William F. Gardner
Captain, United States Army
August 15, 2004
Bill Wallis of Walls, Mississippi, sent a letter his grandmother, Grace Gardner, received that told how her son - Wallis's father - had been killed when an artillery shell hit his tank during the Battle for Bastogne. Wallis was 16 months old at the time.
Captain William Gardner's body was later exhumed from a cemetery in France and reburied at Arlington National Cemetery.
"My dear Mrs. Gardner:
"By this time you will have been notified officially by the War Department of the death of your son, Captain William F. Gardner, 01012516, who died as a result of wounds received in action in Belgium on December 31, 1944.
"I write to express the deepest sympathy of myself and all officers and men of the Division of your loss. You have lost a beloved son and we have lost a loyal, faithful and gallant comrade. Your son fought gallantly as a member of the 41st Tank Battalion in a most critical operation of the war. The manner in which he fought aroused a lasting pride in his fellow officers, his men and in myself.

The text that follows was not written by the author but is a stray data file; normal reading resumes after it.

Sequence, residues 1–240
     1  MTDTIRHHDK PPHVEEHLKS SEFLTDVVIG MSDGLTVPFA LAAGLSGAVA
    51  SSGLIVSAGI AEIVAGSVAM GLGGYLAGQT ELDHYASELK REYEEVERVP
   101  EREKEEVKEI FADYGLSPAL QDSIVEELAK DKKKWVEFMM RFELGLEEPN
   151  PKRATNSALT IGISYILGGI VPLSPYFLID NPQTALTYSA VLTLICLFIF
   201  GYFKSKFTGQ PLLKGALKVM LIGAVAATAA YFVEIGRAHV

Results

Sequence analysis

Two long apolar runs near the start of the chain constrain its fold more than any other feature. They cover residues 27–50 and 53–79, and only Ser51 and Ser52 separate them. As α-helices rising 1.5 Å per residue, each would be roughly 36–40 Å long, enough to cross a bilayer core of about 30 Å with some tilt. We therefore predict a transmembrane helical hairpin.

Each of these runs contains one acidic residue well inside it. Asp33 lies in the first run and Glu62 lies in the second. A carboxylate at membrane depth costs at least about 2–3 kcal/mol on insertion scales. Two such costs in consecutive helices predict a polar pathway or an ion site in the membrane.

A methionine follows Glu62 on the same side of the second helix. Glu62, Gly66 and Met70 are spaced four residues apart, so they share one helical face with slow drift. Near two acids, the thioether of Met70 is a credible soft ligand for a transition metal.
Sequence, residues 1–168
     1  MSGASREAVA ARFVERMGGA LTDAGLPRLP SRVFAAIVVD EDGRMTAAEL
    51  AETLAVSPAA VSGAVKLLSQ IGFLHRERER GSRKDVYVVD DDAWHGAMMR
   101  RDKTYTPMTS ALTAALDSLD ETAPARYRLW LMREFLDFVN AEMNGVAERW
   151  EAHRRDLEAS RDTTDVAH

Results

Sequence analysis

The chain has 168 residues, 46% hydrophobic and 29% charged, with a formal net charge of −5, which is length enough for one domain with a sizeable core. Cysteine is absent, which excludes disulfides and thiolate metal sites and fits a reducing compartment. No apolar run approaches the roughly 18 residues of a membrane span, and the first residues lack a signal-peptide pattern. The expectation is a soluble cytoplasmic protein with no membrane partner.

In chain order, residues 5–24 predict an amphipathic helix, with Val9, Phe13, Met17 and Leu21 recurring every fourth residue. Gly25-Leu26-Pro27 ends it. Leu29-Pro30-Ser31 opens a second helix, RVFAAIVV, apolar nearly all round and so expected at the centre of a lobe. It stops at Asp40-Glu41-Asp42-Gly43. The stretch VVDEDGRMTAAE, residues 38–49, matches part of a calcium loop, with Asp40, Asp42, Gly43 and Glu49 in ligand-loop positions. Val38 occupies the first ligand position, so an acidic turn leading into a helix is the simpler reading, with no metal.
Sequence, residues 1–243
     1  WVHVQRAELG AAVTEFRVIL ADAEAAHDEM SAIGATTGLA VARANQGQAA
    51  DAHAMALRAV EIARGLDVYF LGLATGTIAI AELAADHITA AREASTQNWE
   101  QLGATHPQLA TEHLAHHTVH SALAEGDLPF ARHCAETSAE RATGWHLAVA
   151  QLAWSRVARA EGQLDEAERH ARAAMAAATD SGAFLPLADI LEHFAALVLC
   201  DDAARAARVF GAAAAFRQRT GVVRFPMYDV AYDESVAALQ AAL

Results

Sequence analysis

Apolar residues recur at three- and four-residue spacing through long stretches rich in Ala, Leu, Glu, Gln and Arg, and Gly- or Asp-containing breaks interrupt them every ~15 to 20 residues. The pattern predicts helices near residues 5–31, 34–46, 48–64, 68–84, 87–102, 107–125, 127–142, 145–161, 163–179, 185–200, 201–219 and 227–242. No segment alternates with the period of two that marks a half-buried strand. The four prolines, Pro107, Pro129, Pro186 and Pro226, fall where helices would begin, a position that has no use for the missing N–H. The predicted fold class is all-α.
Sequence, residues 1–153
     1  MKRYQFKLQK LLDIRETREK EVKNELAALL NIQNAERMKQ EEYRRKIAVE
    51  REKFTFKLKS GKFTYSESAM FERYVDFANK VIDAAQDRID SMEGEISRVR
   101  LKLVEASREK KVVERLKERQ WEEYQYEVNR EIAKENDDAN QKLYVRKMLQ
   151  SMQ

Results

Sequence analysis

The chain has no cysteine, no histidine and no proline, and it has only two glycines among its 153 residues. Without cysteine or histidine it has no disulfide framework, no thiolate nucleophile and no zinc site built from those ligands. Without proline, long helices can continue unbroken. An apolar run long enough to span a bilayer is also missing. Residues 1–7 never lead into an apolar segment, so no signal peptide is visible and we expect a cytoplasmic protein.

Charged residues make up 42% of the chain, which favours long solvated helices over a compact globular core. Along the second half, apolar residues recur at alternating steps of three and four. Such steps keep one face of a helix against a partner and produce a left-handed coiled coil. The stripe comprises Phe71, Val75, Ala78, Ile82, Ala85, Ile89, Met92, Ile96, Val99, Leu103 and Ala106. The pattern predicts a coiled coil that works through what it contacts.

". . . . Only a people and a nation in which there is something fine, something noble and something great can produce such men as your son. To preserve those things, your son gave the most precious possession of man, his life. We who remain shall continue to battle in order to assure the preservation of those institutions and manner of life which set apart the American people as a great shining light in this world, as the symbol of hope to all weaker and less fortunate people.
"My heartfelt sympathy goes out to you in your deep sorrow. I know how difficult it is to assuage your grief at a loss so overwhelming. But I feel that you, as do I, may take a lofty, personal pride in the supreme sacrifice paid by such a patriotic and gallant soldier in the cause of freedom and the future welfare of humanity.
"Yours very sincerely,
"Charles S. Kilburn
GARDNER, WILLIAM F
Posted: 15 August 2004